Your Pet Stories

Send us your pet stories! We will be happy to include them on this page.

If you would like your pet to feature in this section of our website, please send us a photograph of your pet and tell us what they have been up to. Please email your photos and stories to Liz La-Page

ARCHIVED PET STORIES FROM 2014
ARCHIVED PET STORIES FROM 2013
ARCHIVED PET STORIES FROM 2012


Frankie - SUMMER 2015!

Frankie is a Labrador x Poodle who is just over a year old. His owner brought him into our Kemsing branch to see Natalie as he was off his food and had episodes of vomiting and diarrhoea. On examination nothing remarkable was found except that Frankie was dribbling lots. Natalie discussed the options with his owners and it was elected that symptomatic treatment would be initially trialled. Therefore, Natalie administered anti-sickness medication and it was advised to starve him for 24 hours and then begin feeding him little and often. Natalie advised to re-examine Frankie within 24-48hours or sooner if they were concerned.

The next day, Frankie had no more episodes of vomiting but his owner reported that he was now very lethargic. It was advised that Frankie came into the Dunton Green surgery for further investigation. On presentation, he was extremely dull with laboured breathing. His gums also displayed abnormal haemorrhages on both sides of his mouth. Frankie was not known to be a scavenger and was up to date with all his preventative care, therefore we were very concerned with the cause of his sudden illness. He was placed onto intravenous fluids and bloods were taken, which showed azotaemia (abnormally high levels of urea and creatinine). Blood was also sent away to an external laboratory for a specific test, testing adrenal function. X-rays and ultrasound scans were taken with no obvious findings. Due to the unknown cause and his guarded prognosis, treatments for all possible causes were started. Overnight, Frankie was transferred to Pennards Vets our emergency vets for intensive nursing care.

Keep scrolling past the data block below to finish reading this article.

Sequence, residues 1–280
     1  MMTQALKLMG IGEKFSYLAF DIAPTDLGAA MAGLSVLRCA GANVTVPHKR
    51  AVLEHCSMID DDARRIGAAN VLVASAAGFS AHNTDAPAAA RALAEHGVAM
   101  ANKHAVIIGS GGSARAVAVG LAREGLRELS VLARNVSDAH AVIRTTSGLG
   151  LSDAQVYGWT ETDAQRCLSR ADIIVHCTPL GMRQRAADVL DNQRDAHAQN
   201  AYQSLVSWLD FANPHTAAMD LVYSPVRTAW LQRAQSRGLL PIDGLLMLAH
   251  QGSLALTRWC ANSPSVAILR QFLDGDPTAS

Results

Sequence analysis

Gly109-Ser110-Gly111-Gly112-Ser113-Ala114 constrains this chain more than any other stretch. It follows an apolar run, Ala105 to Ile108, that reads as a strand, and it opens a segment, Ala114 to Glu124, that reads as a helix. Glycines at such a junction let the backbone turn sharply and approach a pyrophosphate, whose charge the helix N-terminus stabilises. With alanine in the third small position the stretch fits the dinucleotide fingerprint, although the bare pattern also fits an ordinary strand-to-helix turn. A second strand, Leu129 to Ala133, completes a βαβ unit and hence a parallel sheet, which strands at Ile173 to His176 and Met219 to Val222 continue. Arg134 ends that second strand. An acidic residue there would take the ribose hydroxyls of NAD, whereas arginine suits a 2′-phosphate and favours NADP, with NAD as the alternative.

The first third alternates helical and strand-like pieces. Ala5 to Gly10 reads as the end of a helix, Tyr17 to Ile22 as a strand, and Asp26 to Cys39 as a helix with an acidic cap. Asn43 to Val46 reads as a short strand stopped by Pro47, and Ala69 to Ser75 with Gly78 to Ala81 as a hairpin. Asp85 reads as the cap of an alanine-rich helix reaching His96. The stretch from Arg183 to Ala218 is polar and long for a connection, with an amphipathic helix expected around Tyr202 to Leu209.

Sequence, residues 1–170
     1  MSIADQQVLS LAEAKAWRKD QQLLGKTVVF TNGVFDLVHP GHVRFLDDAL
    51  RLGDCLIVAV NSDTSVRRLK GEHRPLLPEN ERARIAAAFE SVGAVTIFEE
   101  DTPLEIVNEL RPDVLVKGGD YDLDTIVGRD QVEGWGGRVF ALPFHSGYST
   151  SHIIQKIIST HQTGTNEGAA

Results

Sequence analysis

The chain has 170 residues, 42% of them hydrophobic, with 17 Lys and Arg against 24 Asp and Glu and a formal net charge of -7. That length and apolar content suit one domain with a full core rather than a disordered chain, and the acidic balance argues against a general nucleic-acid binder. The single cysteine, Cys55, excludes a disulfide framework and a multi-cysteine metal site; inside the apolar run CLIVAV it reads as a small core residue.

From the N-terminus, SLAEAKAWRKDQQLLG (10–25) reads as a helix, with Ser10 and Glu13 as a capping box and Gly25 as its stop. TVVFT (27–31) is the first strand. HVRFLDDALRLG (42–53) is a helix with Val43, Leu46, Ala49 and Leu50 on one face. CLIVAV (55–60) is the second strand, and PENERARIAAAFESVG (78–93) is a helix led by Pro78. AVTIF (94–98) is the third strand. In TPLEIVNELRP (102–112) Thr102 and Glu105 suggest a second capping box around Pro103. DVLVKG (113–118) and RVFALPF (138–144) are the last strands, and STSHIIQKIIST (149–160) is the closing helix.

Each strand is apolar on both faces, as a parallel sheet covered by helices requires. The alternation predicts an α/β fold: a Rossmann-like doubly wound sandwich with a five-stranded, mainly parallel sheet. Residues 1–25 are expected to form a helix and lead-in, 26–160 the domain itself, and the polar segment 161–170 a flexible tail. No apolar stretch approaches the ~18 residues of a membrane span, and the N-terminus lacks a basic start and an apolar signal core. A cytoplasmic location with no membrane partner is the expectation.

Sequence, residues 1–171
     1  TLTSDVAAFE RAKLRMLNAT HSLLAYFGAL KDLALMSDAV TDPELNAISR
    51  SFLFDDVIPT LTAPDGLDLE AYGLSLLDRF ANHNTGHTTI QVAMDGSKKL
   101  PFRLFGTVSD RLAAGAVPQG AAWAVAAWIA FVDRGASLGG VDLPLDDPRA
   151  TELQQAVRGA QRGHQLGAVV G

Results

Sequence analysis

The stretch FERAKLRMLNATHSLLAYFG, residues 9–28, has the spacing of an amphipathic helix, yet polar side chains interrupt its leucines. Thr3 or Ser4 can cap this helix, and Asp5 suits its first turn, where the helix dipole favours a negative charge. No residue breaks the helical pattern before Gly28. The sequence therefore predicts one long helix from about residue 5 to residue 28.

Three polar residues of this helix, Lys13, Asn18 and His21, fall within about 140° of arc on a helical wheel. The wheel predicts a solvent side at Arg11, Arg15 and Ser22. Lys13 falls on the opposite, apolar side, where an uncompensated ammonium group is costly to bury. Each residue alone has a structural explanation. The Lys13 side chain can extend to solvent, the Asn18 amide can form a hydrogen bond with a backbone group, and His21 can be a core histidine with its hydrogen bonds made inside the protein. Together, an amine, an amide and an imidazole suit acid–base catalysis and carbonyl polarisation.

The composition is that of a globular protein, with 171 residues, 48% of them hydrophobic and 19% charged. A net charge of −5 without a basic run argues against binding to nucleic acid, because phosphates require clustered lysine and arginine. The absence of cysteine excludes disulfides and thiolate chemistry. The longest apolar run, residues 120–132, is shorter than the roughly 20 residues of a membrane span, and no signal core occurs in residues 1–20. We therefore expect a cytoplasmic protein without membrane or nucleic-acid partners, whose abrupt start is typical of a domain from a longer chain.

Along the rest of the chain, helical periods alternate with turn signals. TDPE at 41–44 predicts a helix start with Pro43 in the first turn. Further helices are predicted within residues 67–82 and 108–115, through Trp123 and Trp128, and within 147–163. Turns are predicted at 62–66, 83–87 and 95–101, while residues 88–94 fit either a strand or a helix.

At Pennards, Frankie was very unstable and needed his electrolytes constantly checked. Due to his episodes of hypoglycaemia (low blood sugar levels) he was placed onto a drip which contained glucose, as hypoglycaemia is a life threatening medical emergency that can lead to seizures and even death.

The next day back at Elands, regular blood glucose tests were taken throughout the day and showed very low readings. Intravenous glucose was given at these times to increase his glucose levels, as well as placing honey on his gums to increase his chances of reaching a normal level. Frankie was also hyperkalaemic (increased potassium in the blood) but fortunately his urea and creatinine levels reached normal ranges. The ups and downs of his blood levels continued to baffle us all!

Due to his constant changes in his electrolyte levels and his general instability Becky decided to refer him to the Royal Veterinary College (RVC) for constant monitoring.